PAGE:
To put it mildly, Elverhoj’s current exhibition, “Transitions: Wood as Art,” is a must-see.

Members of the Santa Ynez Valley Woodworking Guild create art from nature. Each piece is an experience, one that captures the essence of the artist. The works are truly original, their designs come from within and all are unique.

Do you think I’m impressed? You bet!

The opening reception was Aug. 3 and all displaying artists were on hand. The SYVWG was formed in 1994 with a five initial members, all from the Valley. Now the Guild has expanded to include woodworkers from Atascadero, Nipomo and San Luis Obispo. Members exhibiting in the current show are Richard Farwell, Ken Frye, George Paes, Dave Seymour, Roger Combs, Robin Corell, Mike Magrill and Bud Tullis.

I’ve known Bud, one of the five founding members, for a long time and only within the last 10-plus years did we realize we graduated from the same high school, Long Beach Polytechnic. Although he is much older — one year — our paths didn’t cross until sometime in the 1970s.

Elverhoj explains the exhibit as a “focus on structure, rare and exotic materials, elegant lines, fine details and beautiful finishes. From tables to urns and light fixtures to stools, the work is noted for its functional, enduring design while at the same time retaining a uniqueness and artistry.”

And that says it all. Each woodworker has his own look, and it is easy to put the artists with the work.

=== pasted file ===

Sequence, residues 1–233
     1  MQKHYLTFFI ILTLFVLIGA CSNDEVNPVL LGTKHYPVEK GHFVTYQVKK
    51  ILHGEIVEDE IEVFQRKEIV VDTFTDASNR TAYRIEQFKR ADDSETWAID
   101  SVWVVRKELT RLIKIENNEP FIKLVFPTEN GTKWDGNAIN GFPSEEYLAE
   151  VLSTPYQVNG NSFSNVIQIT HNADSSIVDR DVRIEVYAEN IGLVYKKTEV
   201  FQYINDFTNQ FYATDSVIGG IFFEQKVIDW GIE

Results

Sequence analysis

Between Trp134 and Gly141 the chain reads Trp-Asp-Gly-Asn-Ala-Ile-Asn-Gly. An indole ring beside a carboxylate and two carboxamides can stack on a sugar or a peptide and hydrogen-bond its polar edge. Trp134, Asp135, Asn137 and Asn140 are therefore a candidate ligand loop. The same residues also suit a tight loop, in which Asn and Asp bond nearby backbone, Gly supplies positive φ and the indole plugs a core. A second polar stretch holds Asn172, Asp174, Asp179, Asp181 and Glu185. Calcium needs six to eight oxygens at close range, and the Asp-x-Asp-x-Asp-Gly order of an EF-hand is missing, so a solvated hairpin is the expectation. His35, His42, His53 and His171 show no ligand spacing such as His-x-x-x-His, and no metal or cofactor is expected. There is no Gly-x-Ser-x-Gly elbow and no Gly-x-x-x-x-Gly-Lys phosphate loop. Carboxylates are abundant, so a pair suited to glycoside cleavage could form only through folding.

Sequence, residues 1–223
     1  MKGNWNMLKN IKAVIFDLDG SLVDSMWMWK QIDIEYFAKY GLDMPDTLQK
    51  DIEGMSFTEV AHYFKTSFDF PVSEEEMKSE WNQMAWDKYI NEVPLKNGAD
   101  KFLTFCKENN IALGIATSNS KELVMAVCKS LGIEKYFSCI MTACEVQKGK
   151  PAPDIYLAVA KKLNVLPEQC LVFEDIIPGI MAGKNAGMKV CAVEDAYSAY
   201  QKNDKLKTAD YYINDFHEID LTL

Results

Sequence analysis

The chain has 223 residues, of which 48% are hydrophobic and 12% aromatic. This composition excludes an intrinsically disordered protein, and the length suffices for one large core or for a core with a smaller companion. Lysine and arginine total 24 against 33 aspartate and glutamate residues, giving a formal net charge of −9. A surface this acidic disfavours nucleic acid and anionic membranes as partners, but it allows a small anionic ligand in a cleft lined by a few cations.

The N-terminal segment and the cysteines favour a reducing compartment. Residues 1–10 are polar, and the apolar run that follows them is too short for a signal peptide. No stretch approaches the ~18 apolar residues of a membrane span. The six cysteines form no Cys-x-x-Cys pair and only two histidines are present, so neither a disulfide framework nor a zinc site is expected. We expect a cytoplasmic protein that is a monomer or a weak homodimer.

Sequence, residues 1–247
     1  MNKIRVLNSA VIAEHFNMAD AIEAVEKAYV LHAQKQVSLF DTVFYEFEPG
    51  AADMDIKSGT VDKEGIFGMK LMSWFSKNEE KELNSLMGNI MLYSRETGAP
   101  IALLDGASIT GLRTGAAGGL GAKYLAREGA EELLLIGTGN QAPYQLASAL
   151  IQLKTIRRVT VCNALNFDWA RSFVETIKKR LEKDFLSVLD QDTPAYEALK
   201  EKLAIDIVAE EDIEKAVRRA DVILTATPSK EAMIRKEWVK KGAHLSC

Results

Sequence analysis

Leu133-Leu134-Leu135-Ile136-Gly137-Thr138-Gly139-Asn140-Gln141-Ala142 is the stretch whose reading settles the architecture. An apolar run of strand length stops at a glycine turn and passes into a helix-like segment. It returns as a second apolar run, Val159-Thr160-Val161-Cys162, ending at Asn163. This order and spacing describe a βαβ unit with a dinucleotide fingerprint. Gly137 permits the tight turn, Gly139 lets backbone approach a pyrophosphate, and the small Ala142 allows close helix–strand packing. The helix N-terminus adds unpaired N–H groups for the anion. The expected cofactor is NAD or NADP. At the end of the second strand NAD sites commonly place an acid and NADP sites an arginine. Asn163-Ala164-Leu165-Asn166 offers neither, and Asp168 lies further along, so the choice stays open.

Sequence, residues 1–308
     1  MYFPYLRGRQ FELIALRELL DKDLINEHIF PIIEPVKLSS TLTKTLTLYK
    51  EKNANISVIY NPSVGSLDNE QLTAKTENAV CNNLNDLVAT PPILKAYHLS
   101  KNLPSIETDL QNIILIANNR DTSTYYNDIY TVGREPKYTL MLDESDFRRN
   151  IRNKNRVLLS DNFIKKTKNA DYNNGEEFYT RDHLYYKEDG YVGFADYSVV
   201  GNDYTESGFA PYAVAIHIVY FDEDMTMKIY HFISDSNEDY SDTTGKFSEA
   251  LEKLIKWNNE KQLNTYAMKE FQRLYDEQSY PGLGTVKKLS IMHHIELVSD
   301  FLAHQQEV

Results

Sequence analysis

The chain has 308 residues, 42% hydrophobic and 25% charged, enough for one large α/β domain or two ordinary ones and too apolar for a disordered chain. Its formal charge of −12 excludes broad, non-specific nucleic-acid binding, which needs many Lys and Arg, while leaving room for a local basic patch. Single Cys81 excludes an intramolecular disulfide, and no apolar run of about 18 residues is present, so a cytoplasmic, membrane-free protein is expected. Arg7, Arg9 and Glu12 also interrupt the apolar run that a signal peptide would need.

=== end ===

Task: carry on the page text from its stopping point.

Bud’s technique and style leans toward what I would call rustic modern. With strong, clean lines, each piece conveys a reverence for the wood while maintaining its natural beauty and characteristics. When you go — and you must — check out his tables and whimsical vanity.

I was particularly taken by Richard Farwell’s cherrywood and hand-painted silk wall sconces. These stunning lamps evoke the arts and crafts movement and Frank Lloyd Wright.

There’s a magnificent high-backed rustic chair and very tall floor lamp crafted by Robin Corell.

Dave Seymour wows with a modern take on the traditional grandfather clock and a striking glass-topped coffee table.

Ken Frye is an inlay artist who has produced some stunning pieces. Mike Magrill turns works that range from orbs to vessels and wooden pieces with the appearance of woven baskets.

Atascadero member Roger Combs’ bench invites you to sit, and George Paes’ memorial urns give you peace.

Don’t miss this opportunity. The exhibit runs through Oct. 27. It’s a rare look at the elegant art of woodworking.

As usual, Elverhoj’s docents provided refreshments for the reception and that got me to thinking about one of my favorite finger foods — Idamarie’s unbeatable cheese crackers.

With summer parties and barbecues, here’s an easy recipe that is sure to please.

Idamarie’s Cheese Crackers

1⁄2 lb. sharp cheddar cheese

1⁄2 lb. premium brand

margarine (use stick

margarine, not soft)

2 c. flour

1⁄4 tsp. paprika

2 c. Rice Krispies

Set cheese and margarine out until both soften slightly then, using a food processor fitted with the blade attachment, cream until smooth. Mix in mix flour and paprika. Remove blade and fold Rice Krispies into mixture by hand. Form into small balls, place on ungreased cookie sheet and flatten with a fork dipped in flour. Bake at 325 degrees for 18 minutes.

Variations: Add dill weed or cayenne pepper to taste when mixing. Sprinkle with additional dill or cayenne just before baking. Also, I’ve added Roquefort cheese. but be careful, Roquefort is quite salty so don’t use too much. Incorporate some coarse-ground black pepper into the dough and sprinkle more on top of crackers before baking. Delicious!

Longtime Santa Ynez Valley resident Elaine Revelle can be reached at

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